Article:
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Margin's Role In Cryptocurrency Trading


Those with even a passing knowledge of the history of bitcoin or the broader cryptocurrency market understand that the value of the digital currencies like bitcoin and litecoin have been on a rollercoaster throughout the previous few years.

Although valuations have become more modest, cryptocurrencies circa 2019 remain just as volatile as ever, sometimes experiencing 20% changes in a matter of hours. This volatility and the myriad unknowns that still orbit cryptocurrencies have turned some traders off of the digital assets. But others have recognized opportunity in these price swings and have attempted to adapt advanced trading techniques from other assets to the cryptocurrency market.

Catering to this contingent, cryptocurrency and trading platforms like CryptoRocket began offering traders up to 100:1 leverage on cryptocurrency trades. Coupled with the historic volatility that has characterized cryptocurrencies, this level of margin might off traders unfamiliar with how digital assets can be traded.

Whether or not cryptocurrency trading is for you, understanding how the market can be traded and how of margin can be used to improve returns is valuable information. Below are some basic facts about cryptocurrency and margin to help better explain how cryptocurrency traders use margin and manage risk.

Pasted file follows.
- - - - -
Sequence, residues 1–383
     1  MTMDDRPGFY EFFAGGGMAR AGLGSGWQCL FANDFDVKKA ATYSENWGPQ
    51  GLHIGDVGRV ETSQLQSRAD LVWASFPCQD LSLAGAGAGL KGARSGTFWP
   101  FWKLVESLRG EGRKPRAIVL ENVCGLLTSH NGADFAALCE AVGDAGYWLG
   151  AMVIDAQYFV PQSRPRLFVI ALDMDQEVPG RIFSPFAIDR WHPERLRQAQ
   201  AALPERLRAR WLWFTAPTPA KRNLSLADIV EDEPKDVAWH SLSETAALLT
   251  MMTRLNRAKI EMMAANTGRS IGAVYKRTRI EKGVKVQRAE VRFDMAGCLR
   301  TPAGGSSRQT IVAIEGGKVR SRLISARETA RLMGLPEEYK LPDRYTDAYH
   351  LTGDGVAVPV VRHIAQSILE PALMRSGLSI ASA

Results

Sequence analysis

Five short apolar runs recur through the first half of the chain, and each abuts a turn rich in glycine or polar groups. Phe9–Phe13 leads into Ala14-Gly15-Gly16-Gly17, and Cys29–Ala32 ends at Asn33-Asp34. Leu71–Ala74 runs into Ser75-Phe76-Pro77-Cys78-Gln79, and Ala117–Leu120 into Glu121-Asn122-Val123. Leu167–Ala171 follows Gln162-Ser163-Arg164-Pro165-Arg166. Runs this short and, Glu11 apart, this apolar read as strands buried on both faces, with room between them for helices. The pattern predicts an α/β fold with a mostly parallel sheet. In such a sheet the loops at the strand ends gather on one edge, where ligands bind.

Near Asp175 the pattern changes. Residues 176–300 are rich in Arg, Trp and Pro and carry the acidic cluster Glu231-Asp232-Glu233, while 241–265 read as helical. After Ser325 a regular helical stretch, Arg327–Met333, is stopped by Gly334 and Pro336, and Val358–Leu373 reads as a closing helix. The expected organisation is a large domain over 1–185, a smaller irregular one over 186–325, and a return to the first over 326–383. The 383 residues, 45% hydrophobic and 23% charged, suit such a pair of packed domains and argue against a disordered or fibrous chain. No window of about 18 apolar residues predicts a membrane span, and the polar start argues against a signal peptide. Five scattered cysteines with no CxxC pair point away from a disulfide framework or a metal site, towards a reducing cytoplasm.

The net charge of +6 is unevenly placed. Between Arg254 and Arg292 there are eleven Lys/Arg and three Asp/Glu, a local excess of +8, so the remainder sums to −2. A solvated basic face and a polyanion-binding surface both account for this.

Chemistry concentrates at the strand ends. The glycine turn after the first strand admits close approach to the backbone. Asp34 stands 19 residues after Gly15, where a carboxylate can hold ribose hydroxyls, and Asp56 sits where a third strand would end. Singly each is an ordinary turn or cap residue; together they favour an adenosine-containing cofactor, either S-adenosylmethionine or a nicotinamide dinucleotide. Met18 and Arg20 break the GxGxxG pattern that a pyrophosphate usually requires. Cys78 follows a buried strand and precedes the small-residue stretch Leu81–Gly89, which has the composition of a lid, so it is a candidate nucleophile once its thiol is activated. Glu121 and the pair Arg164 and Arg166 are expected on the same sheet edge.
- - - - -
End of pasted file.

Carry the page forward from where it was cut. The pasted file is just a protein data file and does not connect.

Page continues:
The Basics of Margin

For clarity, margin is borrowed capital provided by a broker that traders can use to increase their leverage in a trade. Margin is borrowed from a broker against traders’ own capital at a specified rate of interest or flat fee that is repaid on the completion of the trade. Traders in these markets are generally made in lots that represent 100,000 units, with each unit representing 1/100 of the base currency's smallest denomination. So in the case of the U.S. dollar, one full lot is equal to $10 (100,000 x 0.0001). An increasing number of Forex platforms also offer fractional lot sizes of 10,000 and 1,000 units.

Access up to 100x leverage on cryptocurrency pairs on CryptoRocket

These fractional sizes are one reason margin is so commonly leveraged in most Forex and cryptocurrency speculation. Having access to leveraged capital helps to expedite trading in these markets and allow traders to hold a larger position in these assets without needing to put up the capital to buy them outright, which isn't their intention anyway since traders rarely seek delivery of the currencies upon which they are speculating.

This leverage becomes more important in cryptocurrency trading, where lot valuations can vary anywhere from thousands of dollars to less than a dollar. To facilitate trading in these digital currencies, CryptoRocket offers 100:1 margin more than 30 cryptocurrency pairs (and 500:1 margin on Forex trades) at full, mini and micro lot sizes. This standard fee and flexibility lot size allows traders the flexibility to better exercise the higher leverage the platform provides for a lower cost than percentage-based margin trading.